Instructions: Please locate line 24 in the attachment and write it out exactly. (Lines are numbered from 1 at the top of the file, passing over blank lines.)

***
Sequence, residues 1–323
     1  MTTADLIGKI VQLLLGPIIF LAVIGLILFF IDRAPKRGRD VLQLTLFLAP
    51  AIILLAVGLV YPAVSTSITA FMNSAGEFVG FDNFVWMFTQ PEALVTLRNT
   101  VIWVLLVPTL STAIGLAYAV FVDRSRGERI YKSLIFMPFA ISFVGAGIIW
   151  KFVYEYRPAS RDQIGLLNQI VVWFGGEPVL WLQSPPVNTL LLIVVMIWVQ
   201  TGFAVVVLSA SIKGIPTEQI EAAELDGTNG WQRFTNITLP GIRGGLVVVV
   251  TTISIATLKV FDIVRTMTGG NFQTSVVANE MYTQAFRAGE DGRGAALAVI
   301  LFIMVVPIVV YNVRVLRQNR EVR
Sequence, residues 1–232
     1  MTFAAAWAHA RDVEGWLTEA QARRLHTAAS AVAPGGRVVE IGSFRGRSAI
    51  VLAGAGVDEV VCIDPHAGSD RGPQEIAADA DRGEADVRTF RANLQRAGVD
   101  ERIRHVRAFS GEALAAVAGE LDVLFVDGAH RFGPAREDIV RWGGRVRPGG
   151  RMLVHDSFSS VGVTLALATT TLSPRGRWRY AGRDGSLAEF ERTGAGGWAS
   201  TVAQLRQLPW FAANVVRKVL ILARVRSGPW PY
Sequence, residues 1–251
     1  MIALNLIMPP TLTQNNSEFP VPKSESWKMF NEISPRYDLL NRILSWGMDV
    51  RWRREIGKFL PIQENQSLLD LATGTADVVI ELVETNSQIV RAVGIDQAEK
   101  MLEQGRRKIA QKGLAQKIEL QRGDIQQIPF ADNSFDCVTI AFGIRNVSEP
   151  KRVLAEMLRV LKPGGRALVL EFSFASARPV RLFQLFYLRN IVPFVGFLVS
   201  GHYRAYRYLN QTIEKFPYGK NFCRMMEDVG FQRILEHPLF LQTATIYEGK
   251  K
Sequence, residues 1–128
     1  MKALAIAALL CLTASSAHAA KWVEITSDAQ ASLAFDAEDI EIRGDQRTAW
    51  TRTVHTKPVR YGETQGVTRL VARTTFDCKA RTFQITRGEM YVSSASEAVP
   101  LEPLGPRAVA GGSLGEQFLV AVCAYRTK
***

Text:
    51  TRTVHTKPVR YGETQGVTRL VARTTFDCKA RTFQITRGEM YVSSASEAVP